There are basically two alternate designs for the cart. In one embodiment, the sides 51 are spaced to receive a pallet 8 as shown in FIG. 5. The pallet 8 fits inside the cart 18, and can accompany the cart back to the load end after transfer as shown in FIG. 4.
A second embodiment is shown in FIGS. 12 and 13 where the sides 127 are spaced such that the pallet 122 rests on top of the cart 121. As described below, the cart 121 can drop through the feed rails 125 onto the return rails 128 to deposit the pallet 122 on the feed rails 125 as shown in FIG. 11. This transfer can be accomplished automatically without the need for release means.
As shown in FIGS. 6 and 7, feed rails 9 are provided with front notches 71 and rear notches 72. A preferred embodiment provides for notches of varying depth with front notches 71 having a depth of substantially all of the rolling surface 57, and the rear notches 72 having a depth less than that of front notches 71. In particular, rear notches 72 are depth-proportioned to permit a pair of front wheels 54 of cart 18 (FIG. 6) to roll forward on rolling surfaces 57 of feed rails 9, unobstructed by rear notches 72. Front notches 71 are of a width sufficient to accommodate the through passage of front wheels 54 of cart 18. Rear notches 72 are also of a width sufficient to accommodate the through passage of a pair of rear wheels 55 of cart 18. Rear notches 72 are located towards the load end 12 along upper rolling surface 57 at a distance that coincides with the distance between front wheels 54 and rear wheels 55 of cart 18. In this manner, the transfer of cart 18 may be accomplished. Other transfer means will be apparent to those of ordinary skill in the art.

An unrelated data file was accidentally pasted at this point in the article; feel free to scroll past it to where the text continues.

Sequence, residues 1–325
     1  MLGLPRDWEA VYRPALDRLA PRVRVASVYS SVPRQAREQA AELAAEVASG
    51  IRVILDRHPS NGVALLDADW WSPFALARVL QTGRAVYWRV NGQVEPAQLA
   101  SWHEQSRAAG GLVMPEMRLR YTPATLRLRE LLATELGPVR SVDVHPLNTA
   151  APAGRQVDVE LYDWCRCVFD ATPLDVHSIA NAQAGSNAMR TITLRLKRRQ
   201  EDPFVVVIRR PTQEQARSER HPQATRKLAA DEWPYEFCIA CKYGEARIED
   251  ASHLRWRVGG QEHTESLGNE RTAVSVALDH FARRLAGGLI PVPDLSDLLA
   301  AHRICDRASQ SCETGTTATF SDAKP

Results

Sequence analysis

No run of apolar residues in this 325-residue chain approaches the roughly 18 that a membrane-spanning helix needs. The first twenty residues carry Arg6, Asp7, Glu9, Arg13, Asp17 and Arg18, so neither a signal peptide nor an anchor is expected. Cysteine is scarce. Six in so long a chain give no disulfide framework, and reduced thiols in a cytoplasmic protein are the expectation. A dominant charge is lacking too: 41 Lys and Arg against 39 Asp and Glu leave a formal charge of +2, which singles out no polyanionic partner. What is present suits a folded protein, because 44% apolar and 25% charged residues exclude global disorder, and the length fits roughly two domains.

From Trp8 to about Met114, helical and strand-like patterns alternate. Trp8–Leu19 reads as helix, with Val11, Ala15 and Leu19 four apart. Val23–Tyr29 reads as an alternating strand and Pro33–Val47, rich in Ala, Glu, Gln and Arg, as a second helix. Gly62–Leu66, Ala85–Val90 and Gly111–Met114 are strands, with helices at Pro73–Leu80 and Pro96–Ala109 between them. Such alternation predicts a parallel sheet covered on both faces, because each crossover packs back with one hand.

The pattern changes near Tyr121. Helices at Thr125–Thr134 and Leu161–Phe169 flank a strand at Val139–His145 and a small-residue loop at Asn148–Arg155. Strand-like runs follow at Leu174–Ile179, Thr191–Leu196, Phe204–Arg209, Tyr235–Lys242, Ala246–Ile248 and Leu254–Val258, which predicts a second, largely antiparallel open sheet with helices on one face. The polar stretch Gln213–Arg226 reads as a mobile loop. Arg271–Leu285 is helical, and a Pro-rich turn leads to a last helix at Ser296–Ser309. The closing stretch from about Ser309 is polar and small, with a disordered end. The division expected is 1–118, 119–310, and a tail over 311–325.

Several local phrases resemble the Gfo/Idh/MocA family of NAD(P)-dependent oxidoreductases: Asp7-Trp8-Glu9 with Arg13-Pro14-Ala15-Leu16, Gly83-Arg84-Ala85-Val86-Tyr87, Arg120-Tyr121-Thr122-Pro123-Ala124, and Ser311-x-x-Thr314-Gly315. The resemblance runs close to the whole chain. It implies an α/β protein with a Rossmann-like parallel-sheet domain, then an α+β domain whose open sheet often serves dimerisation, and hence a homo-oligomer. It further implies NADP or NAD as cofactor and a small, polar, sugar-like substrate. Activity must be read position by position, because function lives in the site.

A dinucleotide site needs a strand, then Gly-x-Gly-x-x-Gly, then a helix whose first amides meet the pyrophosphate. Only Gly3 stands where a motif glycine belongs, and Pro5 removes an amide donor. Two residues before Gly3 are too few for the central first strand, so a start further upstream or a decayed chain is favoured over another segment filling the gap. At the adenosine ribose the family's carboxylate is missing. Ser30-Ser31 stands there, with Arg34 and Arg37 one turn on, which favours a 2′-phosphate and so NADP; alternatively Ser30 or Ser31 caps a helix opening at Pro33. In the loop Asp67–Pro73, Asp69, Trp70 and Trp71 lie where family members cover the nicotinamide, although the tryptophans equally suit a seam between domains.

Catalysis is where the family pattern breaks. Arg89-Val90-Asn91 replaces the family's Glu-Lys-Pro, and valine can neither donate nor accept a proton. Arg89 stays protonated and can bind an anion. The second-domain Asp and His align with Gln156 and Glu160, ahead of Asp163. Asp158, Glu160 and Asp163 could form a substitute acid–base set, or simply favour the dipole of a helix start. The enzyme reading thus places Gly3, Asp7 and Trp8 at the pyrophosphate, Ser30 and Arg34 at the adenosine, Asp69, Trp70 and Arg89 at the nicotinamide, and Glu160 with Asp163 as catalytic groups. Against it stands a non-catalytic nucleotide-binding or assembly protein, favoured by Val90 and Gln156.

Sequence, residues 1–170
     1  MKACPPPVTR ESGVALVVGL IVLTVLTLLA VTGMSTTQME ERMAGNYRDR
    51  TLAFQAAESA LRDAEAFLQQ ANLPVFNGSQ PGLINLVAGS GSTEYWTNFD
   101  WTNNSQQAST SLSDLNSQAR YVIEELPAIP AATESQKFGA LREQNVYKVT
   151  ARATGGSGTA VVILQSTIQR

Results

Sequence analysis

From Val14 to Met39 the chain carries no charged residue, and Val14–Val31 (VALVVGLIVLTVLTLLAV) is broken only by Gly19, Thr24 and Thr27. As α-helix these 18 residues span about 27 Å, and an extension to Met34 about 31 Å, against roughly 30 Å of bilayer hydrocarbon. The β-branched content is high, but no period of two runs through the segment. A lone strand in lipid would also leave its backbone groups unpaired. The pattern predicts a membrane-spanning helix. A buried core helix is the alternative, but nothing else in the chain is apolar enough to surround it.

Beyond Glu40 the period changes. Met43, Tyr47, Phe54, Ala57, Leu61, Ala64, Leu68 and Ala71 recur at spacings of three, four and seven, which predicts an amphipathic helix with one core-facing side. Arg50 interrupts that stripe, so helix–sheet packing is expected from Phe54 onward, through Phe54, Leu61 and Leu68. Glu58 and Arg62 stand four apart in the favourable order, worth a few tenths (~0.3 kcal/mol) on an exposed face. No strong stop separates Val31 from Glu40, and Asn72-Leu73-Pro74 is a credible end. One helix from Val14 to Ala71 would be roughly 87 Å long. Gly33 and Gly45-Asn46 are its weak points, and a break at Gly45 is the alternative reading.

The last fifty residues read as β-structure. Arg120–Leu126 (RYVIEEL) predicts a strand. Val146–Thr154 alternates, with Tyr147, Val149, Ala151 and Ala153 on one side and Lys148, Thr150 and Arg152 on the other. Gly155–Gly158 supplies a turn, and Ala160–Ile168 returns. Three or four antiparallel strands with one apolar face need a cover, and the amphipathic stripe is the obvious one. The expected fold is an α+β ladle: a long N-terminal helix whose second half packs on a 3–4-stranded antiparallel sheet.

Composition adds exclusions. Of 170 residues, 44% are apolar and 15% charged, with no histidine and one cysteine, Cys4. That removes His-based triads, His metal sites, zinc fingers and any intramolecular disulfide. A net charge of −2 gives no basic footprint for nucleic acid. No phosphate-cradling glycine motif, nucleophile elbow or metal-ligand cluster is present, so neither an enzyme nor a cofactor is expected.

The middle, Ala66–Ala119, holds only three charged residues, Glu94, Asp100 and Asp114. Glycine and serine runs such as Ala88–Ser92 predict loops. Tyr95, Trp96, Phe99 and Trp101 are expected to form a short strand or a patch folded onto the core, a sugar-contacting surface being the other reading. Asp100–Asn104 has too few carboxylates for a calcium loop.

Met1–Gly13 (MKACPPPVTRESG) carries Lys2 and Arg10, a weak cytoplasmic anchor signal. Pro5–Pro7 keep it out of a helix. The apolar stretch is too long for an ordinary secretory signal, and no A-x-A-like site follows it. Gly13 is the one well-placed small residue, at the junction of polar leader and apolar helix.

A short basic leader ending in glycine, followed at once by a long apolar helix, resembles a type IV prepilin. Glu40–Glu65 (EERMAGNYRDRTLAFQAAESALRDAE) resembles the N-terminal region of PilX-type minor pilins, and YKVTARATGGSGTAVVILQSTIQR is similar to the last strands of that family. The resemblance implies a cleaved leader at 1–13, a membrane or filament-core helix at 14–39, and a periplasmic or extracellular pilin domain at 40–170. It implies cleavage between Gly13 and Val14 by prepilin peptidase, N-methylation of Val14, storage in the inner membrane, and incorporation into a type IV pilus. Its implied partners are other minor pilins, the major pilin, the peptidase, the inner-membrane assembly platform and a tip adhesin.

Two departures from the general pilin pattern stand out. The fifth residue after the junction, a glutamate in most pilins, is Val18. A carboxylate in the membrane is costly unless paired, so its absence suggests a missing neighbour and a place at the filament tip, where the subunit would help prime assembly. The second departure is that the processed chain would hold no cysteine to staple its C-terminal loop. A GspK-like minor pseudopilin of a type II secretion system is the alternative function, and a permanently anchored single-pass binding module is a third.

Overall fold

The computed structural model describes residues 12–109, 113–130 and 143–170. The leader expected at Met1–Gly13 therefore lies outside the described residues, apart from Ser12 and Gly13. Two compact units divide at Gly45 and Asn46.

The known transfer means relies on a release mechanism (described below) to effect the transfer of the cart from the feed rails to the return rails. Typically, a pallet is unloaded and then both the cart and the pallet transferred, or the pallet is removed and then the cart is released for return to the load end.
By contrast, the present invention provides means for automatically transferring the cart to the return rails while simultaneously depositing the pallet on the feed rails. This is achieved by making the distance between each feed rail 125 narrower than the width of pallet 122 as shown in FIG. 12. The cart 121 is adapted to receive the pallet 122 so that both rest atop and, at the same time, extend beyond the width of the cart 121. In this way, the transfer means allows the cart 121 to drop through the feed rails onto the return rails 128 while depositing the pallet 122 onto the feed rails (FIG. 11). This transfer is done automatically without the need for the release means.